ENI Pushes its Ivory Coast ‘Oil in Place’ to 2.5Billion Barrels, with Baleine East Discovery

A new discovery offshore Cote d’Ivoire has sharply increased ENI’s oil and gas volumes in place to 2.5Billion Barrels of oil and 3.3Trillion cubic feet (TCF) of associated gas, the company has reported.

Baleine East 1X well, the second find on the Baleine structure, “confirmed the presence of a continuous oil column of about 48metres in reservoir rocks with good properties”, the Italian explorer says in a release. “From the vertical borehole a horizontal drain of 850 metres in length was subsequently drilled into the reservoir to perform a production test that confirmed a potential of potential of at least 12,000barrels of oil per day (12,000BOPD )and 14Million standard cubic feet per day (12 MMscf/d) of associated gas of production”.

The Baleine-1, located in block CI-101 in Côte d’Ivoire, was announced a discovery in September 2021. ENI took an early decision to develop the field and deliver first oil by 2023. Baleine East 1X is located in a water depth of about 1,150 metres, and five kilometres km east of the Baleine 1X, in an adjacent block CI-802. The result has simply extended the Baleine field eastwards.

ENI operates the two blocks with 90% operatorship. The state hydrocarbon company Petroci is a 10% partner.  ENI holds interests in five other blocks in the country’s deepwater, including CI-205, CI-501, CI-504, CI-401 and CI-801, all with the same partner Petroci Holding.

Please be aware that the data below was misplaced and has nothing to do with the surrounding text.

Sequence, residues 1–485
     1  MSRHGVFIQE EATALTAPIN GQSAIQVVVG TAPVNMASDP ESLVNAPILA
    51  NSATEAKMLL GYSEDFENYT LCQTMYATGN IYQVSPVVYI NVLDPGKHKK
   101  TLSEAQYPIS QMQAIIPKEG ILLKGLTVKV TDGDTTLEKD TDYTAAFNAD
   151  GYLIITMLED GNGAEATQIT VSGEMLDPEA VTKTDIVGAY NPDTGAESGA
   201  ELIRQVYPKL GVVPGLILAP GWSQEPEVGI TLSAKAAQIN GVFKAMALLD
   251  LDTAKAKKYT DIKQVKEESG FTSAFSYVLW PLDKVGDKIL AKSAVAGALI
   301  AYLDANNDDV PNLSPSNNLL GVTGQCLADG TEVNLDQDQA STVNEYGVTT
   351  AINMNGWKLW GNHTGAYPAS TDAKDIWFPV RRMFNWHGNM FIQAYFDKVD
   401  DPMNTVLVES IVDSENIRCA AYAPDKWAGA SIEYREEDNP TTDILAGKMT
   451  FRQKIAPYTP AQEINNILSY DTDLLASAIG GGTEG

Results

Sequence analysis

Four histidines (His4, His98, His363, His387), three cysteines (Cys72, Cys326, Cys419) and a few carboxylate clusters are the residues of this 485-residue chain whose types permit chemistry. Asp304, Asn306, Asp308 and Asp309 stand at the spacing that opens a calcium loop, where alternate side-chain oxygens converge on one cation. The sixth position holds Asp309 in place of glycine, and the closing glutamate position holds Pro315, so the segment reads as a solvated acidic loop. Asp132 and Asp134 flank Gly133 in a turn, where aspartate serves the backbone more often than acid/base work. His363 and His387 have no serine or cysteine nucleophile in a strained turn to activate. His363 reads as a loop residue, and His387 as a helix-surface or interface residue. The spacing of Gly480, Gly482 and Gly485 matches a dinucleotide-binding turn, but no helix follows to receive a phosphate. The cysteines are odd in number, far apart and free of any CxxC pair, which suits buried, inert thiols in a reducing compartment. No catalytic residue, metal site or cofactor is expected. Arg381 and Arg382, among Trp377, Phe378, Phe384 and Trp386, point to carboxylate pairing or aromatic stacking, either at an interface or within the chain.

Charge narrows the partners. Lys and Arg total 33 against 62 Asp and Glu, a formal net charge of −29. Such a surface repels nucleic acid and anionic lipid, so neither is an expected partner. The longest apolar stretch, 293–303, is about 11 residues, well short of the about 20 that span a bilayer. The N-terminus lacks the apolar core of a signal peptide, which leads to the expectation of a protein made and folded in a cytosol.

ENI says that its ongoing Baleine Field drilling campaign will continue with the spud of “a third well which will ensure, together with the other two already drilled, the accelerated start-up of production, confirming first oil in the first half of 2023”.

Baleine East 1X well was drilled with the Saipem 12000 drillship. The well reached its final depth of 3,165 metres measured depth.




By Toyin Akinosho

The speedboat sped through the broad crumpled surface of water, making ripples of foamy liquids as we raced past civilisation. We were leaving the hive of activity at the Escravos jetty, a busy “river car park” filled with large and small boats anchored on concrete pavements, situated a short distance away from the oil terminal and tank farm owned by Chevron, an oil producing company.

A bank of clouds was building on the horizon. The water body seemed to be filled to the brim. Time and again I had the distinct feeling that our boat was floating involuntarily, jerking forward and backward; we were traversing a mountainous body of fluid, dancing on it, bumping into invisible potholes as we hurried along.

Our destination was GBOKODA, another riverine settlement off the main course of the Benin River, the main water way running the length of Delta State.

Fate was playing some prank. The first and last time I ever made a long journey on water, I was going from IGBOKODA, a riverine enclave in Ondo State, to AIYETORO.

My mission was to report on the crumbling of that miniature socialist community on the shores of the Atlantic. That was in the Easter of 1985.

I was a full-time journalist then, working for the Guardian of Lagos.

The present journey took place in the Easter of 1990, five years later. I had made the transition into full time petroleum geoscientist, working for Chevron Nigeria.

This trip was an experience broadening trip, my superiors called it, to understand how field geophysicists gathered the seismic data that I and other ‘interpreters’ used in the office to generate reservoir maps.